Stack Overflow is a community of 4.7 million programmers, just like you, helping each other.

Join them; it only takes a minute:

Sign up
Join the Stack Overflow community to:
  1. Ask programming questions
  2. Answer and help your peers
  3. Get recognized for your expertise

Whether it is possible to create AWS SDK in Perl?. I need to use AWS transcoder service from my perl script. But I wonder AWS SDK is not available for Perl( Or do they have any other method to use PHP SDK in a Perl script?

share|improve this question

The API is just "sending specific things over HTTP". You don't need a language specific library for that, although it does make things easier. Anyone can write such a wrapper, and some people already have done that for Perl.

share|improve this answer
Hi Quentin, Thanks for reply!!! Actually I want to use AWS transcoder service. Currently I have PHP script for the same and it uses autoload.php which is automatically created when on the installation of PHP SDK. – user2274163 Apr 12 '13 at 11:50
Which has API documentation showing that HTTP requests you need to make. – Quentin Apr 12 '13 at 11:51
This is fine Quentin, But i am getting input video file inforamtion through AWS SQS service. which uses Aws/Sqs/SqsClient library in PHP script. Can i use this same library on perl script too. or do we have any other method? – user2274163 Apr 12 '13 at 12:30
SQS also has API documentation and there are Perl wrappers for it. There are ways to use PHP code from Perl but I haven't felt the need to try any of them. – Quentin Apr 12 '13 at 12:32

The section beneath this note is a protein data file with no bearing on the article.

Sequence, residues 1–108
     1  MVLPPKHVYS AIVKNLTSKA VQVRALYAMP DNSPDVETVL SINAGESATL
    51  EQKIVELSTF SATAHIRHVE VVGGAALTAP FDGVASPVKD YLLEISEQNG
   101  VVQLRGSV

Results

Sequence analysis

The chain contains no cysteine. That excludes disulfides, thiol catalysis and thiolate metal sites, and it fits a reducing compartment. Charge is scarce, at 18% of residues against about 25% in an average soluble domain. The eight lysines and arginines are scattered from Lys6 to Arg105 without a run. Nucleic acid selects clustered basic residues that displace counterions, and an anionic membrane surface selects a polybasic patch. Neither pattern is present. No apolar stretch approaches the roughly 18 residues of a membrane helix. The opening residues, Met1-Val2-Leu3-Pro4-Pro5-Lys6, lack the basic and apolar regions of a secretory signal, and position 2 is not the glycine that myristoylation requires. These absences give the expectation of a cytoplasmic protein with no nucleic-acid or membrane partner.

It's fairly easy to write your own Perl modules to work with the AWS API. As remarked above, if you can make HTTP calls and create an HMAC signature, any language can do it.

However, there are already a lot of Perl modules on CPAN that address specific AWS functions, such as S3 or EC2. Go to to search for what you need (e.g., SNS). You'll generally find something that will meet your need.

share|improve this answer

I have found Tim Kay's "aws" and "s3" tools quite useful. They are written in Perl. It has the added advantage of --exec, so you can append commands directly to the output, in their original state from AWS. It has been a terror for me to have international characters and other junk floating about as sad excuse for file names. With Tim's toolset, I was able to workaround the problem by using the --exec to call for the prefix of the filename (also unique) and then act upon it directly, instead of mucking about with metacharacters and other nonsense.

For example:

/123/456/789/You can't be serious that this is really a filename.txt
/123/456/901/Oh!Yes I can! *LOL* Honest!.txt

To nuke the first one:

aws ls  --no-vhost mybucketname/123/456/789/  --exec='system "aws", "rm", "--no-vhost", "$bucket/$key"'

Simply put, the tool performs an equivalent "ls" on the S3 bucket, for that prefix, and returns ALL file names in that prefix, which are passed into the exec function. From there, you can see I am blindly deleting whatever files are held within.

(note: --no-vhost helps resolve bucketnames with periods in them and you don't need to use long URLs to get from point a to point b.)

share|improve this answer

Years later, there is now Paws, a Perl AWS interface. It's on CPAN.

share|improve this answer

Your Answer


By posting your answer, you agree to the privacy policy and terms of service.

Not the answer you're looking for? Browse other questions tagged or ask your own question.